Rapid Fire May 29, 2012: Australian Spending, Such as It Is
- The Australian Strategic Policy Institute (ASPI) published its Defence Budget Brief 2012-2013 [PDF] last week. It starts like this:
“The numbers tell the story. Next year the defence budget will fall in real terms by 10.5%, the largest year-on-year reductions since the end of the Korean conflict in 1953. As a result, defence spending as a share of GDP will fall to 1.56%, the smallest figure recorded by Australia since the eve of WWII in 1938.”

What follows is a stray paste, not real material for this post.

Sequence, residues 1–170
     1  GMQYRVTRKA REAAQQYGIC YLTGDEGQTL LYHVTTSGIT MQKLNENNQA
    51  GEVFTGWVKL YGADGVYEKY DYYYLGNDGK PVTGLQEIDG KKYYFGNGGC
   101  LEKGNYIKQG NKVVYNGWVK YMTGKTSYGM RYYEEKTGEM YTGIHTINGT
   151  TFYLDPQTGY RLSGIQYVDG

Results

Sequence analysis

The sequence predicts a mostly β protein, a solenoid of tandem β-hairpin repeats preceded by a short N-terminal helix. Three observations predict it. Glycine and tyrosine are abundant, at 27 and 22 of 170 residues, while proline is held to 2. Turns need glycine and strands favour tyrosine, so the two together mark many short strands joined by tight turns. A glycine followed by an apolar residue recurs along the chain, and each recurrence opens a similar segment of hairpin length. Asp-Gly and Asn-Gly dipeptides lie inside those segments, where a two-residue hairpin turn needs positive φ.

- Karl-Heinz Kamp in a NATO Defence College paper [PDF] argues that if members of the alliance are going to go through budget cuts because of overwhelming financial pressure, they should at least proceed in a coordinated fashion to maintain aggregate capabilities.
- The Center for Strategic and International Studies (CSIS) concurs [PDF] on the idea that there must be a method behind defense drawdowns. They project personnel costs in the US to creep up as a percentage of total spending while procurement would take the brunt of the cuts. This is already going on in Europe.